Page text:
Re: Why is there something rather than nothing?

From: Norman Samish <>
Date: Mon, 6 Mar 2006 11:48:33 -0800

Thanks to all who replied to my question. This question has bothered me for years, and I have hopes that some progress can be made towards an answer.

I've heard some interesting concepts, including:
(1) "Numbers must exist, therefore 'something' must exist."
(2) "Something exists because Nothingness cannot non-Exist."

Perhaps the above two are equivalent.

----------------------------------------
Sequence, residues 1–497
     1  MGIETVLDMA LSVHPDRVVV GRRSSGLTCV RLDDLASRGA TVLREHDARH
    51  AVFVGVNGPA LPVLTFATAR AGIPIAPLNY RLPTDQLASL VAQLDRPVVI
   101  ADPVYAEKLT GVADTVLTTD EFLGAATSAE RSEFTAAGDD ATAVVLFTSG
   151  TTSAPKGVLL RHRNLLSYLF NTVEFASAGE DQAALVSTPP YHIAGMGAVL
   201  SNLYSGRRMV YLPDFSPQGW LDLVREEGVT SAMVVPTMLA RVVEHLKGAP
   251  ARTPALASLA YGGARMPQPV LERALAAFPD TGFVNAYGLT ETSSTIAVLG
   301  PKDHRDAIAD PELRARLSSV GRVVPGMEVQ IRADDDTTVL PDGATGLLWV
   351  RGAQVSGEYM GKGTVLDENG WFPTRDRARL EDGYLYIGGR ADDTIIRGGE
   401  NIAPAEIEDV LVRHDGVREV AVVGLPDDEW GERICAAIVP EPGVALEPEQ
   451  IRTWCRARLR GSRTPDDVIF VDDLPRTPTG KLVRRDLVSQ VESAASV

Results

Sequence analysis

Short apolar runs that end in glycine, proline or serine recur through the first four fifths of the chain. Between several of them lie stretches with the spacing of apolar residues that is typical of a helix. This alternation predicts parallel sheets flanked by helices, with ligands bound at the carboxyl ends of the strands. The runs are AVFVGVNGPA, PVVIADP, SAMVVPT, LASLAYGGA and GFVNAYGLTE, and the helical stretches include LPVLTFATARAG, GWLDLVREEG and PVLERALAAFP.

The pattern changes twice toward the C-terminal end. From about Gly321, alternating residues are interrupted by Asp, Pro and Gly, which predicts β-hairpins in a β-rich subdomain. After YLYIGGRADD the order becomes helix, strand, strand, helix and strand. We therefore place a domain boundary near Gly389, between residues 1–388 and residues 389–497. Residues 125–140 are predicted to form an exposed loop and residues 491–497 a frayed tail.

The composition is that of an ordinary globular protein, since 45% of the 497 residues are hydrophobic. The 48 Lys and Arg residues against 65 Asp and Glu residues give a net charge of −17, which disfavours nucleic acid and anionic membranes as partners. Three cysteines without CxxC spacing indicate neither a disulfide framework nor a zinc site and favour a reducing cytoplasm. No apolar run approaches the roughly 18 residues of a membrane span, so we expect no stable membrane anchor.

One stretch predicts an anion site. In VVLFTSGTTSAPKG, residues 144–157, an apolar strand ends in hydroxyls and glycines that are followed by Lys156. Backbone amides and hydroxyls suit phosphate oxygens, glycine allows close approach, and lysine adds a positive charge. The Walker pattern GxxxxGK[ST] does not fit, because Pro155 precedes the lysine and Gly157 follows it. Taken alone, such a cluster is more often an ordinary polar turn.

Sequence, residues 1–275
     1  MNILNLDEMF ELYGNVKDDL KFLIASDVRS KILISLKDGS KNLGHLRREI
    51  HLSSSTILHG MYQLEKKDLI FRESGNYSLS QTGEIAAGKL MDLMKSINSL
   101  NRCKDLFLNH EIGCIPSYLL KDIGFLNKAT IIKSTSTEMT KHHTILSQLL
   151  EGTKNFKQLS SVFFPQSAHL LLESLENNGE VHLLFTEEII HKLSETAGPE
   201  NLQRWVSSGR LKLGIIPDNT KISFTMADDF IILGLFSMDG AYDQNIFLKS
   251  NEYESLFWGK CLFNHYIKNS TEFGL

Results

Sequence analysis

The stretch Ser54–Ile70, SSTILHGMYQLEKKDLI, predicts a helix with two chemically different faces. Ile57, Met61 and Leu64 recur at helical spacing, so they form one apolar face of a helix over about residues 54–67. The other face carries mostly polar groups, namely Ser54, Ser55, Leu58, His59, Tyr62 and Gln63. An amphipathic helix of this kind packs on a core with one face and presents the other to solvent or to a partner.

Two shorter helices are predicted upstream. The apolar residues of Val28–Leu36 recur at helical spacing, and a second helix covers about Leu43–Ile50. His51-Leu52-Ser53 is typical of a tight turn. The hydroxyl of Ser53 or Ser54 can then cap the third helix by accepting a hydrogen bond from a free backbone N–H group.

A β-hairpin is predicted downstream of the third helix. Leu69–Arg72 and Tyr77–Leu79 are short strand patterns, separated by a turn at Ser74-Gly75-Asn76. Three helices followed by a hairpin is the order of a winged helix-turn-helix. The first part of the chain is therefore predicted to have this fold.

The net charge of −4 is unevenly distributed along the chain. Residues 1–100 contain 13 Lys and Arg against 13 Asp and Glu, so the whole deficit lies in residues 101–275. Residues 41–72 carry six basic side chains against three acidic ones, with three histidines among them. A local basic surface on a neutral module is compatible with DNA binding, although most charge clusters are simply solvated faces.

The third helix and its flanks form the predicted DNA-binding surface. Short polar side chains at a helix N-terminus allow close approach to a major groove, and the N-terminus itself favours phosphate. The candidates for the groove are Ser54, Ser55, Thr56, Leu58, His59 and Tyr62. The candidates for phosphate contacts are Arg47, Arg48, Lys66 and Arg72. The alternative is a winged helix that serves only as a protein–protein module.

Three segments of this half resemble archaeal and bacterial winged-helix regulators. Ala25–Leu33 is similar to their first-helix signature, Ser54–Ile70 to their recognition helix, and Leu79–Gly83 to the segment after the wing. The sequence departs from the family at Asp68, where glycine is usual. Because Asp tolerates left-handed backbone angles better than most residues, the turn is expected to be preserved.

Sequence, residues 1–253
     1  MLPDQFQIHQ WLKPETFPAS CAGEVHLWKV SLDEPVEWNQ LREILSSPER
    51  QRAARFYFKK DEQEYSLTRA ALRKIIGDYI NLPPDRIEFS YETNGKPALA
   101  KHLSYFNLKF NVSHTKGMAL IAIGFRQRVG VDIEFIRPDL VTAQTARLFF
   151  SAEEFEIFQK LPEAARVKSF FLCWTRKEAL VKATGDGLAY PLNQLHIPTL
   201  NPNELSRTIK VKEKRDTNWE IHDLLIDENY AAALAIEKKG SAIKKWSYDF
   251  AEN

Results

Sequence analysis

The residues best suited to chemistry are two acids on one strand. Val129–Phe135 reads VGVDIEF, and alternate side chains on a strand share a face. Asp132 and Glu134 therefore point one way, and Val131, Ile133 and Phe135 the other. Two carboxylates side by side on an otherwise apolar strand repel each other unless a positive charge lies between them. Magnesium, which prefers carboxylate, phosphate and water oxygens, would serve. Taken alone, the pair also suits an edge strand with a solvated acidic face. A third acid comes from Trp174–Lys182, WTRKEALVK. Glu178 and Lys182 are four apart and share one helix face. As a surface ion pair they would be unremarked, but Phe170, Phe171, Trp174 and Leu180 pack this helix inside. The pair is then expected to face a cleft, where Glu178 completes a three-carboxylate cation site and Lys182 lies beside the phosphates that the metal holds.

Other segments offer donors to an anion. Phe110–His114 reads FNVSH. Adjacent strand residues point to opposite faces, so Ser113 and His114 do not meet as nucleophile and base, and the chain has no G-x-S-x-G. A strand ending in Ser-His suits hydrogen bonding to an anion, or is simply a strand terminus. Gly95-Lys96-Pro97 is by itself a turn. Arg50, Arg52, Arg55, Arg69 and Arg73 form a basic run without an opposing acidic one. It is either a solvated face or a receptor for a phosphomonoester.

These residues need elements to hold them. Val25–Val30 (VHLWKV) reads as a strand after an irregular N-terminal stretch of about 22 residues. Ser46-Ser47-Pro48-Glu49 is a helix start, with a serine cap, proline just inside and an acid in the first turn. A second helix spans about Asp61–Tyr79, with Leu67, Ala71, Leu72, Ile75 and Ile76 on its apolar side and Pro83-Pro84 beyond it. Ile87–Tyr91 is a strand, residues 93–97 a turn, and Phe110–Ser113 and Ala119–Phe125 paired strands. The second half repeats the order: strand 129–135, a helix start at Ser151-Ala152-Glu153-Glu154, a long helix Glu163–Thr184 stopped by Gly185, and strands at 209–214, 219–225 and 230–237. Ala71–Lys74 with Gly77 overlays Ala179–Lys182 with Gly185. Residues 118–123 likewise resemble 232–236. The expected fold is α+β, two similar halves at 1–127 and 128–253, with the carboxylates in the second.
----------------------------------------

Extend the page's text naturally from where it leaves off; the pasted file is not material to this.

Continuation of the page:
With respect to (1) above, why must numbers exist?

With respect to (2) above, why can't "nothingness" exist? The trivial answer is that even "nothing" is "something." However, I don't think that this addresses the real question.

A state of pure "NO THING" would forbid even the existence of numbers, or of empty space, or of an empty set. It would be non-existence.

Non-existence seems so much simpler than the infinity of things, both material and immaterial, that surrounds us. So why are things here? (I'm grateful that they are, of course.)

Is this a self-consistent, if unanswerable, question?


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Received on Mon Mar 06 2006 - 14:49:43 PST

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